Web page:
Frankly, I'm not sure why it was so major. Even after the presumed merger, the combined company, to be named Reynolds American, Inc., would have a 33% share of the American cigarette business, substantially smaller than the 50% share controlled by rival Altria's
The deal, which the companies announced last October, is seen as being highly beneficial to both parties. RJR will be able to substantially increase the shelf space for its brands, which will include Winston, Kool, Camel, Salem and Pall Mall. RJR had suffered market share losses on both ends, from Altria as well as from the small discount brand companies that are not required to make payments into the $200-billion-plus Master Settlement Agreement with 40 states for tobacco-related health claims. British American Tobacco will get rid of further exposure to the litigious U.S. cigarette marketplace.
The FTC isn't requiring the companies to make any divestitures, which is occasionally a requirement for companies to satisfy antitrust concerns. RJR successfully argued that the rapid rise in discount cigarettes' market share shows firmly that the market has been transformed in the aftermath of the 1998 MSA deal. Generic and off-brand cigarettes now account for 11% of total volume in the U.S. market.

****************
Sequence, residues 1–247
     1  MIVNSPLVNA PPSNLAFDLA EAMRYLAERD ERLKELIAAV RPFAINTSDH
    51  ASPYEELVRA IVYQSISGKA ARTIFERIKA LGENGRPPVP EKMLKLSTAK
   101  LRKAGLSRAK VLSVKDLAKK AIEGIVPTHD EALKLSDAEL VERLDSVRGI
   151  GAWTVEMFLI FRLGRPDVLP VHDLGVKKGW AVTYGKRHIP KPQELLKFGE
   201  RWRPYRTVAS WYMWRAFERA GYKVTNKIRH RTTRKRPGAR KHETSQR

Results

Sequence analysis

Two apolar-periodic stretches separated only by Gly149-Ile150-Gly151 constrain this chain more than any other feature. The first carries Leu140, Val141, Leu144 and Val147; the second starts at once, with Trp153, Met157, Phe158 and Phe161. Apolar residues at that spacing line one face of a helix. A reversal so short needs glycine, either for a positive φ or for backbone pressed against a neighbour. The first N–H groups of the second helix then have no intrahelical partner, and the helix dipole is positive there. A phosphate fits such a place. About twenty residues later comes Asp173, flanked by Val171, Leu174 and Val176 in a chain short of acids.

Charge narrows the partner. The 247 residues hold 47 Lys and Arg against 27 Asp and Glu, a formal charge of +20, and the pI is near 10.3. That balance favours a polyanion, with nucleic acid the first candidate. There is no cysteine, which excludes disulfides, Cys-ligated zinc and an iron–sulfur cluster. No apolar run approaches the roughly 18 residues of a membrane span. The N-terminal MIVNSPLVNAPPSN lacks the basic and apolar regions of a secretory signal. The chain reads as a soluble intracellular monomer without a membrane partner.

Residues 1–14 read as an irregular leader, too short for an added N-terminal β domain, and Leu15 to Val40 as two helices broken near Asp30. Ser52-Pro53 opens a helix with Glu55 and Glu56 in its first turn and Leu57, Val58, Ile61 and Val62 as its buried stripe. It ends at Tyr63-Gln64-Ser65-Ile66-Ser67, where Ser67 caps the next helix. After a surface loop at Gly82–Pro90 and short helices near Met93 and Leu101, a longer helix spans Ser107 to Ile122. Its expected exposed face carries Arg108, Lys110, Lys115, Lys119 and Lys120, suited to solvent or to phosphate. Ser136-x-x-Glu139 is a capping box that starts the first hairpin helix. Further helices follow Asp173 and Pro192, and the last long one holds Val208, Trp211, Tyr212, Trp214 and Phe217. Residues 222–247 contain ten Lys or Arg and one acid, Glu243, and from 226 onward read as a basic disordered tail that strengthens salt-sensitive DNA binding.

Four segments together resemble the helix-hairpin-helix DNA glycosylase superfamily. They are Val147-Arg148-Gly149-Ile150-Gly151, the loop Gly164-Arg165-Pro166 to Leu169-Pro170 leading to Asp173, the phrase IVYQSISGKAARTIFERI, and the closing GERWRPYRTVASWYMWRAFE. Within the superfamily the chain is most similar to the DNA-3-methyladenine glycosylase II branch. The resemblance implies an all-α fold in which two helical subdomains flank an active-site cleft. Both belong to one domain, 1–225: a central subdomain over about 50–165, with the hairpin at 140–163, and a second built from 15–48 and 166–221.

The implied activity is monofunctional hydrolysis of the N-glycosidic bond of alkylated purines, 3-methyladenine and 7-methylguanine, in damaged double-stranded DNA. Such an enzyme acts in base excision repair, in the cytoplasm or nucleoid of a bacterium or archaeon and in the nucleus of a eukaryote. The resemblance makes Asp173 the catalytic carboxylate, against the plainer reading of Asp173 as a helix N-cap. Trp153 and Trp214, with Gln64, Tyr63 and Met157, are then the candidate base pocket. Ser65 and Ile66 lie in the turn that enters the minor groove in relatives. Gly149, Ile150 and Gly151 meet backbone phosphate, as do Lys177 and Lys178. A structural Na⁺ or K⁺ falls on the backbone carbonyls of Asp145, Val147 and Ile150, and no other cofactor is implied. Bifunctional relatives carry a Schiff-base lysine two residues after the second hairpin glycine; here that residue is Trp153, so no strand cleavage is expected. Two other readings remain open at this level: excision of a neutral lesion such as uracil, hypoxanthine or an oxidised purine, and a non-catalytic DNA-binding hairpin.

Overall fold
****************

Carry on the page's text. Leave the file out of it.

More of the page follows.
RJR's stock leapt nearly 8% to $70 per share in pre-market trading before settling down to the $68 range. Investors believe that the hundreds of millions in potential cost savings the combination will yield should improve the performance of what has been a laggard in the business. Since the merger announcement, RJR's stock has increased by more than 62%. This means that much of the gloom over the future of the company's business has been right and well wrung out.
Bill Mann has a beneficial interest in RJReynolds. Cigarette companies are renowned income generators for investors. If dividends are your thing, consider a subscription to Mathew Emmert's Income Investor today.